Have to run, will update again soon.

See you soon sweethearts.

Here is a pic of Timely Gal that this person shared on a public website, just nonchalantly showing pics of her horses to the public, like there is nothing at all wrong with this horse. Note the halter digging into her face in the front and sides, the runny snotty eye, the super-skinny neck and look down the back at the backbone protruding through all of that thick hair. It makes me so sad and infuriated at the same time.


See you soon.

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What Does 40 Below Zero Look Like?

Jan. 20th, 2009 | 01:39 pm
location: Home sweet home
mood: happyhappy

Well, I did take my camera out one morning during the cold snap to get a few pictures of some of the "frosted" horses. We had temps dipping to 40 below zero (Fahrenheit), but all of the horses handled this very well. This particular morning though there were a few frosted muzzles and eyelashes out there.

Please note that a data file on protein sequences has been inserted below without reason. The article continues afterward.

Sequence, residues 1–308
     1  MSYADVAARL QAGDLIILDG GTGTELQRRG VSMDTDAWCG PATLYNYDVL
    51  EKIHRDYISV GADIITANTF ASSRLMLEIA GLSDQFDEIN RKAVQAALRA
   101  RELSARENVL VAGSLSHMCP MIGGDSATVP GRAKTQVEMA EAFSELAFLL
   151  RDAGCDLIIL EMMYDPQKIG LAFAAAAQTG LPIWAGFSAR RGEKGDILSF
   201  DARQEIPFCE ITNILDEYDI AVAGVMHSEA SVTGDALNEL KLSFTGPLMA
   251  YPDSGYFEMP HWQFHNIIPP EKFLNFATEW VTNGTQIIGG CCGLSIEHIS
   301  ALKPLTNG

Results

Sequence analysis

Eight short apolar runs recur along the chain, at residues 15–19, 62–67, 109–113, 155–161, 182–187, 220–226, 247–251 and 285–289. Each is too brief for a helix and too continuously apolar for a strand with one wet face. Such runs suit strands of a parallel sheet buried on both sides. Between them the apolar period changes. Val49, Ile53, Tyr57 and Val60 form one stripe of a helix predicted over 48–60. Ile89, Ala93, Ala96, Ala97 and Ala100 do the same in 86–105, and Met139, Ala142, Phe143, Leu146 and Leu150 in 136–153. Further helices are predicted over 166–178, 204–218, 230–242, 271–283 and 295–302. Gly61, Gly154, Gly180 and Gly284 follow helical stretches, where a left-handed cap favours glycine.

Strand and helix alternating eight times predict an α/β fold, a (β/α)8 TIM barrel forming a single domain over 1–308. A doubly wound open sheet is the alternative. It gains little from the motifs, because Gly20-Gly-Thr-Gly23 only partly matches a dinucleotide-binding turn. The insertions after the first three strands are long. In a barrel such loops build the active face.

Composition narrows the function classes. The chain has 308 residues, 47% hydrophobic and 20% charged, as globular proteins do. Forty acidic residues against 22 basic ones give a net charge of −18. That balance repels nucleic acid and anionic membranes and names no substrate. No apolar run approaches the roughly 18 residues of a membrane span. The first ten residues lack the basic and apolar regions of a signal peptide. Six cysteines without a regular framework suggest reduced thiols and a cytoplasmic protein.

Here is Limmy (Limerick). The black horses looked just as if someone had a spray gun outside and they got oversprayed with white paint all over their bodies, a light frosted tip to their hairs. This all disappeared within about an hour, but I did get a few pictures to share here.


Here is Volare.


And last but certainly not least, little Wiejka (Mista's baby-baby...he just loves her and vice versa).


Mista and the whole crew thank you all for remembering to vote in the Care2 America's Favorite Shelter Contest, and for passing the link on to all of your friends.

http://www.care2.com/animalsheltercontest/76364/?refer=16370.14.1228359792.2526

Thank you!!!

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Mista Thanks You For Your Vote!

Jan. 14th, 2009 | 11:02 am